Friday, September 9, 2011

Solar Circuit Racing

Guess what! Tyler started a game company - Moon Monster Games - and he just put his first game up for funding on (a crowdsourcing website) at

In order to get the game illustrated and manufactured, he needs to get the word out about the game and about the Kickstarter page. I would really appreciate it if you would help us spread the word. Tell your friends. Tell your mom. Tell your friend's mom. Anyone and everyone you tell would really help him out a lot.

Also, Moon Monster Games is on Facebook, so go Like it!

And now, a note from Tyler:

Thanks! I wouldn't have even gotten this far without the help and support of my friends and family.

Thursday, September 8, 2011


Finished object alert!

An innocent looking capsule...

But lo - what is this?

Something begins to emerge!

Partially transformed,

Welcome, Octopus!

Pattern: Cephalohedron by Erica Schlueter
From: Interweave Knits Holiday Gifts 2011
Yarn: Cascade 220 Sport
Needles: Size 4 US (16" circular and DPNs)

This pattern is awesome.  Clear and well-written (there was one minor error - see my Rav notes)  I love that I didn't have to sew any pieces - everything is knit together as you go, even the eyes!  Also, it is self-stuffing, so I didn't have to look for my elusive bag of ancient fiber-fill.  I started on Sunday and finished on Wednesday.  I could see making some of these as holiday gifts if I had any children on the list.

Cascade 220 Sport is also awesome.  The name is slightly misleading - it's only 164 yards - but this stuff has great stitch definition and is dirt cheap to boot.  It's just $4/a skein at the Fiber Gallery, and two skeins will definitely make two cephalohedrons, or possibly even three.  I really have no excuse not to make at least one more.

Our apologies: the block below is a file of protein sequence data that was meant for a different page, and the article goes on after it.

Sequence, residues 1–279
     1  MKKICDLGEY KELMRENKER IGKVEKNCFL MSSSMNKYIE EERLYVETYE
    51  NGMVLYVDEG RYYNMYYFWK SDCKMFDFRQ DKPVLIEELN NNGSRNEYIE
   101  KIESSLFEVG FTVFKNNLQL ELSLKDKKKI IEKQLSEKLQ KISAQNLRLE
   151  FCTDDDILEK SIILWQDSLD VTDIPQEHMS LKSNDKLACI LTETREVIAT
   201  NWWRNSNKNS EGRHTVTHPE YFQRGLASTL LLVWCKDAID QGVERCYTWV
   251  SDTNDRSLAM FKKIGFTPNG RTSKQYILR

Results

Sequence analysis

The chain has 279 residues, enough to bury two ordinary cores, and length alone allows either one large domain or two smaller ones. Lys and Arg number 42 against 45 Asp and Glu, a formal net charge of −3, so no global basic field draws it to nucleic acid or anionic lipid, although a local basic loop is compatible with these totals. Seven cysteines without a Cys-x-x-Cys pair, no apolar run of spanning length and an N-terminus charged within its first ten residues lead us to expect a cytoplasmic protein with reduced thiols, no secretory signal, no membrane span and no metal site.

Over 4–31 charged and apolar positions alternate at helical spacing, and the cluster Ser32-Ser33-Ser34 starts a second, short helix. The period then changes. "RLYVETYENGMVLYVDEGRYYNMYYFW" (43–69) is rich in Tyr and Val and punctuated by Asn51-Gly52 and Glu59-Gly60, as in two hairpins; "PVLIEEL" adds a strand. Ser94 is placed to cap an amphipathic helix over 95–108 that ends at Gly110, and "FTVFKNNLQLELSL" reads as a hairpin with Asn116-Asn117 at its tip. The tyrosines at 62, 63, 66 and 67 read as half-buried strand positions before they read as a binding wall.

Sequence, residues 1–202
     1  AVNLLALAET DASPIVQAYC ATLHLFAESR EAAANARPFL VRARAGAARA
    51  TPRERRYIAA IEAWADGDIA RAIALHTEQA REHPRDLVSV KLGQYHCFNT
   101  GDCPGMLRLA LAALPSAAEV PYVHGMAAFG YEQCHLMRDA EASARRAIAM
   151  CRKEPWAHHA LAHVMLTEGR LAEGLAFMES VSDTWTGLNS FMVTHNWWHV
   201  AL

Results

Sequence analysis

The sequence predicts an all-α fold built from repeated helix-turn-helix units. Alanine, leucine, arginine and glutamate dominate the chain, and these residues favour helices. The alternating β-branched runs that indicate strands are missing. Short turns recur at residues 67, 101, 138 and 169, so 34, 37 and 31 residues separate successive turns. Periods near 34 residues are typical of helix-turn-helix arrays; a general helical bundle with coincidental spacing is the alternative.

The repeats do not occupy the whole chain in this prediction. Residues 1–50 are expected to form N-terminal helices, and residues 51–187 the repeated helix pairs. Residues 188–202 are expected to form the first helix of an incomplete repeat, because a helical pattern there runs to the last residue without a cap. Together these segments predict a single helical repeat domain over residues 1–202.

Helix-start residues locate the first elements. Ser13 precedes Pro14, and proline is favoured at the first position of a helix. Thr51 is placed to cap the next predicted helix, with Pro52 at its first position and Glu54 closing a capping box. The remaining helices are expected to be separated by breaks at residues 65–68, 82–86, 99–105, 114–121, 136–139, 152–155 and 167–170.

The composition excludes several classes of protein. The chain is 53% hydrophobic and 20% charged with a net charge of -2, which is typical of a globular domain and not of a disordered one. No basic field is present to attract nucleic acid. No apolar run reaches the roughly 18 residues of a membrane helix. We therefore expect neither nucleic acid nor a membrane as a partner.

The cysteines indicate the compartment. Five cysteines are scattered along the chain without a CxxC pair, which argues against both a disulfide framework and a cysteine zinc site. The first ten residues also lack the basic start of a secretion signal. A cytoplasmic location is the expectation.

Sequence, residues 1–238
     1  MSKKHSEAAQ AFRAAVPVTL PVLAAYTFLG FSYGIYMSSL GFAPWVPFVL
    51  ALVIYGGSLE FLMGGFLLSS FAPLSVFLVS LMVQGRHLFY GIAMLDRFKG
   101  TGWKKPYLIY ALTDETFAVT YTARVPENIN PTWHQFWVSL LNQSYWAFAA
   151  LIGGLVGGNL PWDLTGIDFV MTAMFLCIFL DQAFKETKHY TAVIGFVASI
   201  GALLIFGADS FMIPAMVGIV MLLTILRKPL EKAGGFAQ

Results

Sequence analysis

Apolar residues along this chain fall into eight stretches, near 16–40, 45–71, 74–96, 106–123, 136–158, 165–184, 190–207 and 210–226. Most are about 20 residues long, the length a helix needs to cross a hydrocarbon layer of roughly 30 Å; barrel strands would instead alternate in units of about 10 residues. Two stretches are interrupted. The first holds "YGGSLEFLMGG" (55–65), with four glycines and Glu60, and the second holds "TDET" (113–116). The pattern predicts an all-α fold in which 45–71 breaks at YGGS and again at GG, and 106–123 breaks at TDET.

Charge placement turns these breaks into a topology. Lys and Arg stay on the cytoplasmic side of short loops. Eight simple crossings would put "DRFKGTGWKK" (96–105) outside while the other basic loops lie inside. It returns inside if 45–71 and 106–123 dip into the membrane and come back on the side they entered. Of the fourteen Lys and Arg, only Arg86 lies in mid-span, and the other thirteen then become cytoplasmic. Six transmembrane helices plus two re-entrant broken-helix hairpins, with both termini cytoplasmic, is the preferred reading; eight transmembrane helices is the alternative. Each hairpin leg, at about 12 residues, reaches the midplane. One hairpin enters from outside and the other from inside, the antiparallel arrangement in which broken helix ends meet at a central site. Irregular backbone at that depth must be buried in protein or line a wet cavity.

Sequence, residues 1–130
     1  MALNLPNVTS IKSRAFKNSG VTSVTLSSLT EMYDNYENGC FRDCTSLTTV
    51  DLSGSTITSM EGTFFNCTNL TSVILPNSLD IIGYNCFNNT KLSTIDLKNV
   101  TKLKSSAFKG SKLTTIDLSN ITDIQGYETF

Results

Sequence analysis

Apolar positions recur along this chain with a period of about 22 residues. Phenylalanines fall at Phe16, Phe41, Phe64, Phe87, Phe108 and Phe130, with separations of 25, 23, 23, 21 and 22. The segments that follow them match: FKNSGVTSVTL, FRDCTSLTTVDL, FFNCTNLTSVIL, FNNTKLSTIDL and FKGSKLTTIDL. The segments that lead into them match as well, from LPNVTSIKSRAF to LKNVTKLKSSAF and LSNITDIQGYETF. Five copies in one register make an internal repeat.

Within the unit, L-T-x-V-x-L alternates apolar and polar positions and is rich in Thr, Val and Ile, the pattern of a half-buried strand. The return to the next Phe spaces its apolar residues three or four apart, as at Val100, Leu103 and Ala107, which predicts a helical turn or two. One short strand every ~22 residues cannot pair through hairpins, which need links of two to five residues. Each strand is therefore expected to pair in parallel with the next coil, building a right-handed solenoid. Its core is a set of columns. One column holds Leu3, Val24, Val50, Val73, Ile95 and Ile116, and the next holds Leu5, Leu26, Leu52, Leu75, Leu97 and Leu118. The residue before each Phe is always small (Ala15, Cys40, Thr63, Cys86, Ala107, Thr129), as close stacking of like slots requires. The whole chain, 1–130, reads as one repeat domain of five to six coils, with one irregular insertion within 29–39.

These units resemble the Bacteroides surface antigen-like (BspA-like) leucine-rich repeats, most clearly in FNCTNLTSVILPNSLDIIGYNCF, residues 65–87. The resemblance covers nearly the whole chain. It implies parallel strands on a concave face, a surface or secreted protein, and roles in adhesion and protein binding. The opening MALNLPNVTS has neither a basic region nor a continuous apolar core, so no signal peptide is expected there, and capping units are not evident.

Friday, August 12, 2011

Sample Knitting

One of the things people assume about yarn store employees is that we get to sit around and knit all day. A lot of the time we have other things to do - helping customers, restocking yarn, cleaning, etc. But, sometimes, we do get to sit around and knit. Samples for the shop, that is.

I recently completed two such samples:

Grace by Tonia Barry

Knit in Classic Elite Pirouette (67% mohair, 25% bamboo, 8% nylon) on size 6 needles. This took less than 2 balls of yarn, and includes some insane ruffle increases which I rather love.

The finished product is larger in reality than the photo in the booklet makes it appear. Or, maybe I just had gauge issues.

Winding Way Mitts by Cheryl Beckerich
Knit in Cascade 220 Sport (100% wool) on size 4 needles. The pattern calls for one skein, but I only made one mitt so I only used 1/2 a skein. I would have to weigh the remainder to be sure, but it seems correct.

If I was a fingerless mitts person I would definitely make myself a pair of these. The cable pattern is engaging and easy to work, and the ribbing in the hand makes for a great fit. The 220 Sport is lovely to work with - lofty and soft, with awesome stitch definition.

Wednesday, August 10, 2011

Meet Harald Bairhair

Last fall I bought a DK weight cashmere sweater at Value Village. It had a hole in it, and wasn't the most attractive thing I'd ever seen, but it was extremely soft and a nice clean white color, so I bought it. I brought it home and washed it, and then it sat in a box for months.

This weekend I finally pulled it out, dissected it, and frogged it onto my ball winder. This is what it yielded: